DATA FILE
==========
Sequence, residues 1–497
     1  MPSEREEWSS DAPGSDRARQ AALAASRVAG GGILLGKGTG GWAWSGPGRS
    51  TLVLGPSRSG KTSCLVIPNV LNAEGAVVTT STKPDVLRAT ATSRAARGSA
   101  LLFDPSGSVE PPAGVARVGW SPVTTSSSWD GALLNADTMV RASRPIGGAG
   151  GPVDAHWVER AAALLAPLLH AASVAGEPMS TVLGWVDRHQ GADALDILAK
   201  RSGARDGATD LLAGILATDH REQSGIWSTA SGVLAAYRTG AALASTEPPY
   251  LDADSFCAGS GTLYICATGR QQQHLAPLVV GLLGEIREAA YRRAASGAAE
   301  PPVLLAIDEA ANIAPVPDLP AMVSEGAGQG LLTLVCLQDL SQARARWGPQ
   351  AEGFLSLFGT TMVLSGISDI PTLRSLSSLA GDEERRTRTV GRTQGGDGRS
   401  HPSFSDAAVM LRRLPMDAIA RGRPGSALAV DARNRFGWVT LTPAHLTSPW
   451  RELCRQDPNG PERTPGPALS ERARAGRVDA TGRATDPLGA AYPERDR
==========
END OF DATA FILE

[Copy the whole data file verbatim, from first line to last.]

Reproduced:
Sequence, residues 1–497
     1  MPSEREEWSS DAPGSDRARQ AALAASRVAG GGILLGKGTG GWAWSGPGRS
    51  TLVLGPSRSG KTSCLVIPNV LNAEGAVVTT STKPDVLRAT ATSRAARGSA
   101  LLFDPSGSVE PPAGVARVGW SPVTTSSSWD GALLNADTMV RASRPIGGAG
   151  GPVDAHWVER AAALLAPLLH AASVAGEPMS TVLGWVDRHQ GADALDILAK
   201  RSGARDGATD LLAGILATDH REQSGIWSTA SGVLAAYRTG AALASTEPPY
   251  LDADSFCAGS GTLYICATGR QQQHLAPLVV GLLGEIREAA YRRAASGAAE
   301  PPVLLAIDEA ANIAPVPDLP AMVSEGAGQG LLTLVCLQDL SQARARWGPQ
   351  AEGFLSLFGT TMVLSGISDI PTLRSLSSLA GDEERRTRTV GRTQGGDGRS
   401  HPSFSDAAVM LRRLPMDAIA RGRPGSALAV DARNRFGWVT LTPAHLTSPW
   451  RELCRQDPNG PERTPGPALS ERARAGRVDA TGRATDPLGA AYPERDR